In the fourth step of the process, a second mini-public was formed to debate and interpret the results from the maxi-public. Differentiating from the first group, these citizens were selected from the participants of the maxi-public, but again on the basis of different areas of the municipality, age, gender, and professions to have as diverse a group as possible. The idea behind this different recruitment process was to guarantee that the second mini-public would have fresh eyes on the results and not be prejudiced by having drafted the choice options. The citizens forum for the future energy of Súdwest-Fryslân consisted eventually of 12 citizens, who met three times to deliberate, consult energy experts, and write an advice for the municipal council about the outcomes of the maxi-public consultation. They also received value maps from the maxi-public on each of the several policy scenarios (see Appendix E for examples). The forum recommended several guiding principles for the regional energy transition. For example, they recommend strengthening the local community by allowing them to participate in sustainable energy generation, especially those residents who are less fortunate. Another recommendation focused on restricting too gigantic energy plans. All plans should be connected to the local situation, with minimal interventions in the landscape. Moreover, if residents and energy cooperatives are already active in the energy transition, they should be included in energy-policy plans. The forum further advised that the costs and benefits of future energy projects must be distributed fairly within their municipality, for current residents and future generations. Moreover, they argued that the government should install an independent body that provides knowledge and support to residents in the development of sustainable energy projects; otherwise, it risks ripping open previous cleavages.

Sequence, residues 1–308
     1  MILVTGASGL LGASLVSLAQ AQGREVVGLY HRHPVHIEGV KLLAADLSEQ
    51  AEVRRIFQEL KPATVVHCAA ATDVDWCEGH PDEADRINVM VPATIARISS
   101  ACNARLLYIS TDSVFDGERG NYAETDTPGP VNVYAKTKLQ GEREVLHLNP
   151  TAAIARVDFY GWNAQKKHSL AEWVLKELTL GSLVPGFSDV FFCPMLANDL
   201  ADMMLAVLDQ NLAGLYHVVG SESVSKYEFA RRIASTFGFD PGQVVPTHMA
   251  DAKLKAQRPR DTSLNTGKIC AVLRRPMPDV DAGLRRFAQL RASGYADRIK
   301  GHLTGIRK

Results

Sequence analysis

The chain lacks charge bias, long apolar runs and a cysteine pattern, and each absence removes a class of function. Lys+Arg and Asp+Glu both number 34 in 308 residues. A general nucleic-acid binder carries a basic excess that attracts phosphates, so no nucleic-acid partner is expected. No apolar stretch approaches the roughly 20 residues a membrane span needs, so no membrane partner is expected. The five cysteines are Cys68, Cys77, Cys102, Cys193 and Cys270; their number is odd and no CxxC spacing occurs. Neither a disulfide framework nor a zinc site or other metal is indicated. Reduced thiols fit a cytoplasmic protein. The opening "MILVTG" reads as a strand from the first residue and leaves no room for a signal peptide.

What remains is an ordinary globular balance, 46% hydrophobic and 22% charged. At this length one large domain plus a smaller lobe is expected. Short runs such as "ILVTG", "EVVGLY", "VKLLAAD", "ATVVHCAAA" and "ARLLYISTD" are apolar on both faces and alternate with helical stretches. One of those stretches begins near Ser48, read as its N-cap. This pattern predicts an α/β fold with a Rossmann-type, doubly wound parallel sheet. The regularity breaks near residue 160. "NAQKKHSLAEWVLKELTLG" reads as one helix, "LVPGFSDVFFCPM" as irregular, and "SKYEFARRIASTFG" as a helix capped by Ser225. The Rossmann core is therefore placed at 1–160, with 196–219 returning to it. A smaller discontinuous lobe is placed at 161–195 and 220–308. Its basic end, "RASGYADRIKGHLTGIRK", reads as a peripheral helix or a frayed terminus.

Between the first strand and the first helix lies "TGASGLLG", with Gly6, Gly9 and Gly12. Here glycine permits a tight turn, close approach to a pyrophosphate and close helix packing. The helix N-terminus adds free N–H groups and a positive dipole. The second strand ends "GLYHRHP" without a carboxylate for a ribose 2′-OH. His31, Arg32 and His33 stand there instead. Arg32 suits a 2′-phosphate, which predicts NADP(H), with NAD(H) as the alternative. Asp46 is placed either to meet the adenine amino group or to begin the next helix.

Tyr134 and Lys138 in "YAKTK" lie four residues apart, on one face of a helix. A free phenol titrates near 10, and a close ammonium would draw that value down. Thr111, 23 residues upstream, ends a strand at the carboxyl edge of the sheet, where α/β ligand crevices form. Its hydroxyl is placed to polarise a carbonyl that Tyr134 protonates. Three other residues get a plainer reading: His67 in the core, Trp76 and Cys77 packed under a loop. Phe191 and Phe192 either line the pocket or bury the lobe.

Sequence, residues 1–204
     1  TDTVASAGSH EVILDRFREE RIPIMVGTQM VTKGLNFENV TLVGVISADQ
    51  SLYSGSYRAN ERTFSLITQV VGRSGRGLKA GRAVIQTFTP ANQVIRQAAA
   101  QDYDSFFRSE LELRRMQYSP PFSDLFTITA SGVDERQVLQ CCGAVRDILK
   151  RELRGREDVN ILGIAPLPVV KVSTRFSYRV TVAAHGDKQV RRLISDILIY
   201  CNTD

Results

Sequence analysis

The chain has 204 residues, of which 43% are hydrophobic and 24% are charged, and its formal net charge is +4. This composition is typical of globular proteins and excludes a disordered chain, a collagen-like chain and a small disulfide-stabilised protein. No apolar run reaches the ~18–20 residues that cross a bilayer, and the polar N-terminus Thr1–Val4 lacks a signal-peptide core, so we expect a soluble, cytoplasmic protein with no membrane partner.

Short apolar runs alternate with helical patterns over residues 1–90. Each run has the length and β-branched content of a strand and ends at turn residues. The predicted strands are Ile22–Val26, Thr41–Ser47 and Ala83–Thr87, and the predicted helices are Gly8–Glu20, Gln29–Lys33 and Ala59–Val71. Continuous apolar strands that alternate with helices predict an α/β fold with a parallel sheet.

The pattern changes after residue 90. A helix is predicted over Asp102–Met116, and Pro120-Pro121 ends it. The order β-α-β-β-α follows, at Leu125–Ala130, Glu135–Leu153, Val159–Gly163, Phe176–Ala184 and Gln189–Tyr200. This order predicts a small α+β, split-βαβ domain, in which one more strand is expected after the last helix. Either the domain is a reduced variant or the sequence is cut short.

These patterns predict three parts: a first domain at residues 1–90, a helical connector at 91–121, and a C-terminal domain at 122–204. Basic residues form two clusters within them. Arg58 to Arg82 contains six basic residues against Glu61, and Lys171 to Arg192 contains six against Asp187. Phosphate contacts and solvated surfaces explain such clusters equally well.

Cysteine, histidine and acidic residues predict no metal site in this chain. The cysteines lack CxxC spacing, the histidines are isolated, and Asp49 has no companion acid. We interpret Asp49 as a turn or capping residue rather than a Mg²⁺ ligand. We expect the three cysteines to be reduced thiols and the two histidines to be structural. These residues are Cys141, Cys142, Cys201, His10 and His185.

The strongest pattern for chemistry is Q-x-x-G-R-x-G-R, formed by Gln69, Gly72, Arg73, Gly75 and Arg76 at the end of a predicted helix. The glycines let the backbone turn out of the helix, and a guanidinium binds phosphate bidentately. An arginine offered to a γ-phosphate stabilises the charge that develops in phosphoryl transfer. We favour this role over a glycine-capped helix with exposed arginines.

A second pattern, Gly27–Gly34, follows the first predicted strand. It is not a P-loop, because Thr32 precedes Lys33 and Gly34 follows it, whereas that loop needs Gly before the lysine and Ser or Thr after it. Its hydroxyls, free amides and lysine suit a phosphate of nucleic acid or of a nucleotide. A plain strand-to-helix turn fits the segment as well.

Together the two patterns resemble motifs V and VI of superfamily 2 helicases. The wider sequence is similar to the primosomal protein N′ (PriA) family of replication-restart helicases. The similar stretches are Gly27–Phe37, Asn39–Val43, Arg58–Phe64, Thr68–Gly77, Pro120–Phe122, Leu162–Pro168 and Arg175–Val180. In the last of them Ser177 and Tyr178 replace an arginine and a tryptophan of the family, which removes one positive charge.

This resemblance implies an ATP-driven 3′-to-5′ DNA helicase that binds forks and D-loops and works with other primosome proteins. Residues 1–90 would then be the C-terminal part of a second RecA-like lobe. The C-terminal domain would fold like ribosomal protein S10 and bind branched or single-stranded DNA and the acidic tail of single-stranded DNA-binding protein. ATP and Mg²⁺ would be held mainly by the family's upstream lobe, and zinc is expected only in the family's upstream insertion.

4.4. The Political Uptake

The citizens forum handed over its advice to the municipal council in June 2020. The recommendations of the citizens forum were unanimously adopted by the municipal council in September 2020. The recommendations were adopted in the formulation of the Regional Energy Strategy, as well as to translate the advice of the citizens forum into the environmental policy of Súdwest-Fryslân. Moreover, based on the recommendations it was decided that no more windmills should be built in the IJsselmeer (a natural reserve). Moreover, the municipality decided to buy part of the existing wind park Nij Hiddum-Houw from the company Vattenfall to ensure that benefits could flow back to the community thereby ensuring a fair distribution of burdens and benefits.
One of the elected councilors described the combination model of mini- and maxi-publics as a new social contract between citizens and politics because a citizens action group that previously opposed the energy plans of the municipality rejoined the process. At the same time, a foundation is being built for a more detailed elaboration of follow-up trajectories and projects with their residents. In a subsequent interview in the journal Binnenlands Bestuur in 2020, the alderman described the process as “restoring the trust between the people and politics”.

5. Experiences of Combining Mini- and Maxi-Publics in Súdwest-Fryslân

To verify the strengths and weaknesses of a participatory approach that combines mini-publics and maxi-publics we interviewed three policy-makers of the municipality, two organizers of the participatory process, and one member of the mini-public and assessed qualitative answers from the online PVE as well as the relevant council meeting (the questionnaire can be found in Appendix F). Here we report their major experiences with the participation process, broken down into the six merits.